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With so much momentum around real-time filmmaking, we know many of you are eager to try creating cinematic scenes with the latest best practices for fast iteration and powerful storytelling workflows. Today we published a Film Sample Project on the Asset Store for users looking to get started using Unity for linear content such as cut-scenes for their games, short films, or other use cases.

Mike Wuetherick is a Senior Producer on the Made with Unity team. His team has worked on a number of large cinematic projects over the past 2 years, including the Oats Studios ADAM Episode 2 & 3 shorts, and most recently the Baymax Dreams collaboration with Disney Television Animation.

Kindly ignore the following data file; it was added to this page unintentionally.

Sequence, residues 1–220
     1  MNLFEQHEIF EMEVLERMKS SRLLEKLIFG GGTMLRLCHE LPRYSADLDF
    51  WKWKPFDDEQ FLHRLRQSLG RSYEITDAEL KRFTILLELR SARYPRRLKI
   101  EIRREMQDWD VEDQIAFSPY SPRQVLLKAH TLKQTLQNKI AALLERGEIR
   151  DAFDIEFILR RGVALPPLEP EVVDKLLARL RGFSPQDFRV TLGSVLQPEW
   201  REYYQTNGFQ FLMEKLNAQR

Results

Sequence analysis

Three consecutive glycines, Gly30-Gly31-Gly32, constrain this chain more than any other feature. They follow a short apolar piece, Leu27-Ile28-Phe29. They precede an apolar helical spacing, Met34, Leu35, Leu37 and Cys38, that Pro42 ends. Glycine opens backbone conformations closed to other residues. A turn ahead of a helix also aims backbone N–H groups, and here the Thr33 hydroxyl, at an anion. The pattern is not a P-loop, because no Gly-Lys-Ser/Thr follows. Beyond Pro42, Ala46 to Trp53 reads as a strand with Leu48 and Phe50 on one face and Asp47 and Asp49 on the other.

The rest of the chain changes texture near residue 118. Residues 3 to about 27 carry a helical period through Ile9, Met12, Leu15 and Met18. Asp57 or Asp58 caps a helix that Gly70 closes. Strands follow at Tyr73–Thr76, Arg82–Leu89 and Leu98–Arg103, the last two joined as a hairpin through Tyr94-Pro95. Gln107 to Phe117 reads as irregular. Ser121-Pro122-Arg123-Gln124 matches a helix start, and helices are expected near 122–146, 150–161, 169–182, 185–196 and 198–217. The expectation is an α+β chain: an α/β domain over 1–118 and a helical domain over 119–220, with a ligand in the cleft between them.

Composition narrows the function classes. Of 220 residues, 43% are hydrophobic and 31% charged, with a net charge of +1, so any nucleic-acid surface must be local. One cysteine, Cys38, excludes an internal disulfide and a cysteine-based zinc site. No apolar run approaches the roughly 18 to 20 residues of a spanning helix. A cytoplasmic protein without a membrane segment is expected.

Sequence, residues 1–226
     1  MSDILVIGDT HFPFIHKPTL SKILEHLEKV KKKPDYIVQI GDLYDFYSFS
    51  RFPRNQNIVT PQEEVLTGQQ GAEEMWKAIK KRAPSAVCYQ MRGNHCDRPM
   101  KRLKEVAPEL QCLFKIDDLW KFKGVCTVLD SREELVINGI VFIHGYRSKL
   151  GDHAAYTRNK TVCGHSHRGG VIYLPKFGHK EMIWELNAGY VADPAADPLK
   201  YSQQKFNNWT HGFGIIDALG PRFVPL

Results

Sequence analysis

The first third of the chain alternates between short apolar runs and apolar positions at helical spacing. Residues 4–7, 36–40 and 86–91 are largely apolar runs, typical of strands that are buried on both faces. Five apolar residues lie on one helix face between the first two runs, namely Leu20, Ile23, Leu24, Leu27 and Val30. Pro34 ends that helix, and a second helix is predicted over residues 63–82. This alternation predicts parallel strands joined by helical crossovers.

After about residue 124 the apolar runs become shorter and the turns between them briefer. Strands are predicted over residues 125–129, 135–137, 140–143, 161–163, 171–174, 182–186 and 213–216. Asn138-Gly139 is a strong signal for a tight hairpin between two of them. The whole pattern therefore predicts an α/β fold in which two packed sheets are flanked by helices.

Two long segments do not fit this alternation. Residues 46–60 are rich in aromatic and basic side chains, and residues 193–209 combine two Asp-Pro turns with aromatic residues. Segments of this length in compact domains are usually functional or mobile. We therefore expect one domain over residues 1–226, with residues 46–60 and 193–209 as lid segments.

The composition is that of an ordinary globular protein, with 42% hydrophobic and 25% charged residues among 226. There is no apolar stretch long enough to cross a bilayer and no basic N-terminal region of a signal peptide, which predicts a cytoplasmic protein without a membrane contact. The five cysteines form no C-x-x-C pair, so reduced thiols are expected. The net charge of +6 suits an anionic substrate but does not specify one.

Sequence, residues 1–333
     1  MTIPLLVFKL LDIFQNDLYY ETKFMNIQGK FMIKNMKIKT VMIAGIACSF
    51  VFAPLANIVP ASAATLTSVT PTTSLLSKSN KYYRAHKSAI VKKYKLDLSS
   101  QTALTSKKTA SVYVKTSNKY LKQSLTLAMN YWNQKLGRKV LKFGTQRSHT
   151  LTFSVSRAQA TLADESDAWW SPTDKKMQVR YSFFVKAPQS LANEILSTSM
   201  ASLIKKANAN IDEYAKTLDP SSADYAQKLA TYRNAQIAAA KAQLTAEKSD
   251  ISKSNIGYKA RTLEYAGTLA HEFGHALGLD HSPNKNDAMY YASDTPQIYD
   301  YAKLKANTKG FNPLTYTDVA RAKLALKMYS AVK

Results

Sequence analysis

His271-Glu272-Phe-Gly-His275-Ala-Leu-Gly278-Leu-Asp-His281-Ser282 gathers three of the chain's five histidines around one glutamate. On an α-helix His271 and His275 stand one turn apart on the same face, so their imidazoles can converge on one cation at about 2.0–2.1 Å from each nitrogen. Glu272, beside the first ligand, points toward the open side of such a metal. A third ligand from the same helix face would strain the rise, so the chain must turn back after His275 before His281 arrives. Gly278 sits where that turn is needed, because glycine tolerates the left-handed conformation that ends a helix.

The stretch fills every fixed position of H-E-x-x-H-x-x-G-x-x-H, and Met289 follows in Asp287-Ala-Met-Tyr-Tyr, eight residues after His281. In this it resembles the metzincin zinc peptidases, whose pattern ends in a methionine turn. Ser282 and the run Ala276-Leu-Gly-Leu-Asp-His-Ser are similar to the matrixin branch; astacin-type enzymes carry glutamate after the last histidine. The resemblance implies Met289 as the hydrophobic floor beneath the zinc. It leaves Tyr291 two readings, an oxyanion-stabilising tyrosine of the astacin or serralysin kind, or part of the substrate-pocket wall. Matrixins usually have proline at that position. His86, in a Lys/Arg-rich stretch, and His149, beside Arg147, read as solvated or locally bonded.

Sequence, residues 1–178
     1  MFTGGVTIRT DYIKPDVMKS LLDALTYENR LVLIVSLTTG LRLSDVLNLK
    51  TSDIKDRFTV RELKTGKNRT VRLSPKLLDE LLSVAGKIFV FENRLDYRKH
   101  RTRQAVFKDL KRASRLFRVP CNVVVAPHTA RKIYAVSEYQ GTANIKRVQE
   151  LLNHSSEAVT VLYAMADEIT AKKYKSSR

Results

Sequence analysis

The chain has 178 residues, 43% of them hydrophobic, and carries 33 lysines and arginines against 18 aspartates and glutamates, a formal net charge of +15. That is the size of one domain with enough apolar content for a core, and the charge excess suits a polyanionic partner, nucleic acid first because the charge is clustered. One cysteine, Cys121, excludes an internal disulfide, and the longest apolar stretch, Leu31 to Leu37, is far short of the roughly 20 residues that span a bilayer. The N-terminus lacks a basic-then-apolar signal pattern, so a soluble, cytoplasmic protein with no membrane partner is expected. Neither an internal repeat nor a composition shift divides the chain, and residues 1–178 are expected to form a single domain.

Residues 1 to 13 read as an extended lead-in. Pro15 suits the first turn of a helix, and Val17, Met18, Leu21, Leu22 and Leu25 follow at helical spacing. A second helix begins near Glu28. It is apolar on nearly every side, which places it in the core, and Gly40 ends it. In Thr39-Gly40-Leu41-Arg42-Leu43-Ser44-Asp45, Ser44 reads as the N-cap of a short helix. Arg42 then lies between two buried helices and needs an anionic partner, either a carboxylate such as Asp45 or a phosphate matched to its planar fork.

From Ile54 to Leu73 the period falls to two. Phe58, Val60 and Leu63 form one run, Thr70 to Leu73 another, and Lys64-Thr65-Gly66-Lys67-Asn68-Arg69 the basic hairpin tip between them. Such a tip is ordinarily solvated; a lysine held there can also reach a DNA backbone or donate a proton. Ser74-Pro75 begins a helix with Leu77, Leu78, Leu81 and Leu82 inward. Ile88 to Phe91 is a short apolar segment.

Introducing the Unity Film Sample Project

This package contains an example Unity project preconfigured for anyone interested in creating linear content, such as short films or even an animated series. It uses layout tips from how projects like Adam 2: The Mirror and Baymax Dreams shorts were created, and also serves as a starting point for creating your own cinematic project in Unity.

The project uses the new HD Scriptable Render Pipeline, Post Processing Stack V2, Timeline, Cinemachine and includes a number of additional editor utilities, custom timeline tracks, and other useful tools that we’ve built while working on linear productions with Unity.

You can find the Film Sample Project on the Unity Asset Store.